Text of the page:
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Moments from Canada

Moments from Canada

Moments from Canada

BY NITISH MEENA | POSTED: JUNE 7 2017

BY NITISH MEENA | POSTED: JUNE 7, 2018

“Arh-woooooo…” I howl, echoing a call from deep within the forest on the other side of Maligne Lake. In return, a chorus of ‘Arh-wooo … arh-wooOO…’ shatters any possibility of the signal being human. It’s a pack of wolves, calling to each other as the light begins to fade under the waxing gibbous moon above Jasper National Park.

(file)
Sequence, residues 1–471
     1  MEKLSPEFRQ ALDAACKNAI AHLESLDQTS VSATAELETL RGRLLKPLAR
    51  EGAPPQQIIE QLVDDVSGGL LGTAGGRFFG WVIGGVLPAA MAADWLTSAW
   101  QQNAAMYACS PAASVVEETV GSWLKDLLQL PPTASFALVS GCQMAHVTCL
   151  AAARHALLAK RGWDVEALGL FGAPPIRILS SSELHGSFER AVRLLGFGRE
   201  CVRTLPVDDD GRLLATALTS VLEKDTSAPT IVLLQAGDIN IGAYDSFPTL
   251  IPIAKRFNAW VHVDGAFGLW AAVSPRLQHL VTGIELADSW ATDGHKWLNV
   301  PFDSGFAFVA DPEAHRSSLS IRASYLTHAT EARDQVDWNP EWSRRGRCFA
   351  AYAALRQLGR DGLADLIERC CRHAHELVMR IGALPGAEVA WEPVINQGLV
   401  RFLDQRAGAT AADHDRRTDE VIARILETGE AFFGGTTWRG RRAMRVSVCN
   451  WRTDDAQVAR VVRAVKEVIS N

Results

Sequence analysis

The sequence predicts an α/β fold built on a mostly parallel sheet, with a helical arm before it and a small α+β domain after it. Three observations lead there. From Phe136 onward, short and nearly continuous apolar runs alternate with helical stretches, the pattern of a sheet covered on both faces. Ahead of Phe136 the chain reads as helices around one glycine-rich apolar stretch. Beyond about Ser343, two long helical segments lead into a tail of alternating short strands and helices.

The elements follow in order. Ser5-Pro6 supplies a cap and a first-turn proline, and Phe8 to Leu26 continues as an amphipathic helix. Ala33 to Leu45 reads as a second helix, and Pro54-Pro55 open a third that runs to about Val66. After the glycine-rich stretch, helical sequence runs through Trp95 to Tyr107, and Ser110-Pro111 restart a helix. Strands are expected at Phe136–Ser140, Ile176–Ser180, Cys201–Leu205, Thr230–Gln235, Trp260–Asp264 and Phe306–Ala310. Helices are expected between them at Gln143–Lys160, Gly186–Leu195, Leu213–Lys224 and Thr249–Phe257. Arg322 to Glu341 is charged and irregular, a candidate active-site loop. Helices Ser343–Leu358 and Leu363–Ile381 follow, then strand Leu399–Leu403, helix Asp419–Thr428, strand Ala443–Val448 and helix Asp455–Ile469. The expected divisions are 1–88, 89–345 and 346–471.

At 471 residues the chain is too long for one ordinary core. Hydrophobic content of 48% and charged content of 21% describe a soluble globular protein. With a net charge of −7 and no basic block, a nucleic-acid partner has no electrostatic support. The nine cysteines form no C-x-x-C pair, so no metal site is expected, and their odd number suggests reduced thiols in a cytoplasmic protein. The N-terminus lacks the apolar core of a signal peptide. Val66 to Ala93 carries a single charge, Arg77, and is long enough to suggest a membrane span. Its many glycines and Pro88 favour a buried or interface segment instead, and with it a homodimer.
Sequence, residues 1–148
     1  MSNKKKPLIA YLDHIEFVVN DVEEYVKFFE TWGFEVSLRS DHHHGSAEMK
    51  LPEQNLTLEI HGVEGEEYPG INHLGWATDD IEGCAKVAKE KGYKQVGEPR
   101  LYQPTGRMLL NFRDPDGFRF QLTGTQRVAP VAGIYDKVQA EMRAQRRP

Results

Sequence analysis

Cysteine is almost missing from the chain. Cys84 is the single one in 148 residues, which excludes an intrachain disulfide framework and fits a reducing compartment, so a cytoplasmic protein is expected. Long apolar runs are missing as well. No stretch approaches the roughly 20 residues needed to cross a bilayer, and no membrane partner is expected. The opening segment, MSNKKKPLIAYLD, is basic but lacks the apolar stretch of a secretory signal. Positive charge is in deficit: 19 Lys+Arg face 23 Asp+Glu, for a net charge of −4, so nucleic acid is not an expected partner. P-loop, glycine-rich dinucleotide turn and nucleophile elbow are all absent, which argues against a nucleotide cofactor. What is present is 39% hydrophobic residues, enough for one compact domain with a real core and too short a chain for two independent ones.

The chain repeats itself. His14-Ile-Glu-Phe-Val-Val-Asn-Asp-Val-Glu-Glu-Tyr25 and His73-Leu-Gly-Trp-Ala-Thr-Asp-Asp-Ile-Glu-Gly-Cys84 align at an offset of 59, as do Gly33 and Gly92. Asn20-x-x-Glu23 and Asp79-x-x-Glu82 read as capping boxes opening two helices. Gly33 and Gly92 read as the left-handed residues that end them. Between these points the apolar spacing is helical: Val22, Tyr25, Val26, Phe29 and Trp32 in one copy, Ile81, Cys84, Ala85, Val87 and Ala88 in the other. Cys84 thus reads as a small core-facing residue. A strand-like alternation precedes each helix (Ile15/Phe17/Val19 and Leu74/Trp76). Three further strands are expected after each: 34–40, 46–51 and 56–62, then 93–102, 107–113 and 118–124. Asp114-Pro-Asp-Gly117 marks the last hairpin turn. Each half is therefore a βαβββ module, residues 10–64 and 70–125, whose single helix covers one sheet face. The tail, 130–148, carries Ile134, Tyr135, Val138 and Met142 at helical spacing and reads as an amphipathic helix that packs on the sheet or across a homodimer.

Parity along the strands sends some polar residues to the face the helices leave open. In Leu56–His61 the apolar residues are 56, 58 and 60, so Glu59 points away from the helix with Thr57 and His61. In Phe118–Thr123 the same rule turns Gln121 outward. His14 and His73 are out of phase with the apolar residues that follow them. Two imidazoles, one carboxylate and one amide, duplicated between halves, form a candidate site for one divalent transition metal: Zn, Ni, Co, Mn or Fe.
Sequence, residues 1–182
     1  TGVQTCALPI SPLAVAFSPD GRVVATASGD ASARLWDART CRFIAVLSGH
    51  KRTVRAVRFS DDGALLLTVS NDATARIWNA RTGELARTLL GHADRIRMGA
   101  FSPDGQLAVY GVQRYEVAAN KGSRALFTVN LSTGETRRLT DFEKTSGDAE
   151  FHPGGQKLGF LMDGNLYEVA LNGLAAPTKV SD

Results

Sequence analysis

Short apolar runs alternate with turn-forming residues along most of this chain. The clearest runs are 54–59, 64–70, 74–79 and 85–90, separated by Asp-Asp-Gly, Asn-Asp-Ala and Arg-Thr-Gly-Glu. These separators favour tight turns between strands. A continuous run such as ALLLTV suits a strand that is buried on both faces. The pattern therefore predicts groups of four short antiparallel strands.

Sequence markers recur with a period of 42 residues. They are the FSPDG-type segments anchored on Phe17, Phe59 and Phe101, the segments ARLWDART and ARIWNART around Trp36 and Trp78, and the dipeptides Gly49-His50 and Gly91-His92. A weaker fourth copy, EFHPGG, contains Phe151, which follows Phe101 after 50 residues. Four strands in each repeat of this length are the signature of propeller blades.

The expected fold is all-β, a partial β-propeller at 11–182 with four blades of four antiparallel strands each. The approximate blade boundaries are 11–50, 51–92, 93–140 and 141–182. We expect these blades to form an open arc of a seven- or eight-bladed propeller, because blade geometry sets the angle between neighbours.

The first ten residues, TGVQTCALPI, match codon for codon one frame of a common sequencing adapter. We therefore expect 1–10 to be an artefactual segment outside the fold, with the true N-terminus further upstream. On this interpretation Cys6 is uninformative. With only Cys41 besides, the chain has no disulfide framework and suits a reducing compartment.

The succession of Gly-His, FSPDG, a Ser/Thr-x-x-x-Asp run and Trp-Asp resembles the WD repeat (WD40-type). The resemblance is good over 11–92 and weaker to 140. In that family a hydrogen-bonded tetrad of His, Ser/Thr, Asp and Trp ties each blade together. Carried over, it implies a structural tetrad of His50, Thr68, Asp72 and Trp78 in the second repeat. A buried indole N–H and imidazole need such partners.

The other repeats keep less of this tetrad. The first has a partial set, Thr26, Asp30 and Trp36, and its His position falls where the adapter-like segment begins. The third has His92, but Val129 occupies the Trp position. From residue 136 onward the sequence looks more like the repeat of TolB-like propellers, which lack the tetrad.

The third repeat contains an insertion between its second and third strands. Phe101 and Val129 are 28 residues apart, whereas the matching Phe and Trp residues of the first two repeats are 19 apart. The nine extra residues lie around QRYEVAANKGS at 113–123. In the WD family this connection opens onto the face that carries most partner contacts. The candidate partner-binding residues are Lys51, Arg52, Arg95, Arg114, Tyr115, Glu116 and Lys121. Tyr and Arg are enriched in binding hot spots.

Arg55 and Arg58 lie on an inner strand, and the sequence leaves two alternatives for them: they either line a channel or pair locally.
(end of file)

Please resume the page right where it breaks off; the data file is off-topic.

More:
I’m certain I’m safe in the middle of the lake, but I pick up the wooden paddle and continue my return to the launch point. Wolves can’t possibly swim this far out, right? The rhythm of the paddle on the lake calms my nerves, and I spend the next two hours reminding myself not to underestimate the forces of nature that rule the Canadian wilderness. Earlier in the evening, I bought a wolf-pattern blanket when I rented the canoe. Maybe that’s working in my favor now.

These are the wild spaces that shape who we are. Here, you may be short of breath, but never short on your sense of awe.


After my encounter with the wilder side of Canada, I returned to my friends to eat, laugh, and roam the streets of Jasper. Just before four in the morning, I loaded up the car for the drive back to Maligne Lake to see the sunrise.